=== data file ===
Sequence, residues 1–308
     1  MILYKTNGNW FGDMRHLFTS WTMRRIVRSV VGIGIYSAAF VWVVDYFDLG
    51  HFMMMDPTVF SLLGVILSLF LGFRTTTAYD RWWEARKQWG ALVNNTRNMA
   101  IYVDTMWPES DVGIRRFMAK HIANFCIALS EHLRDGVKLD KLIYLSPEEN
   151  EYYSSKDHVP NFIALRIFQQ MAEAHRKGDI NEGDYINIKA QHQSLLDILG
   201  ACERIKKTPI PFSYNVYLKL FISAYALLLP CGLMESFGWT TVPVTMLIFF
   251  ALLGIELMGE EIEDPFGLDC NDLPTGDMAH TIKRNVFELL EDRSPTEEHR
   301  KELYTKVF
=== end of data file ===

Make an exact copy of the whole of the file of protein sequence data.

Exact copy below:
Sequence, residues 1–308
     1  MILYKTNGNW FGDMRHLFTS WTMRRIVRSV VGIGIYSAAF VWVVDYFDLG
    51  HFMMMDPTVF SLLGVILSLF LGFRTTTAYD RWWEARKQWG ALVNNTRNMA
   101  IYVDTMWPES DVGIRRFMAK HIANFCIALS EHLRDGVKLD KLIYLSPEEN
   151  EYYSSKDHVP NFIALRIFQQ MAEAHRKGDI NEGDYINIKA QHQSLLDILG
   201  ACERIKKTPI PFSYNVYLKL FISAYALLLP CGLMESFGWT TVPVTMLIFF
   251  ALLGIELMGE EIEDPFGLDC NDLPTGDMAH TIKRNVFELL EDRSPTEEHR
   301  KELYTKVF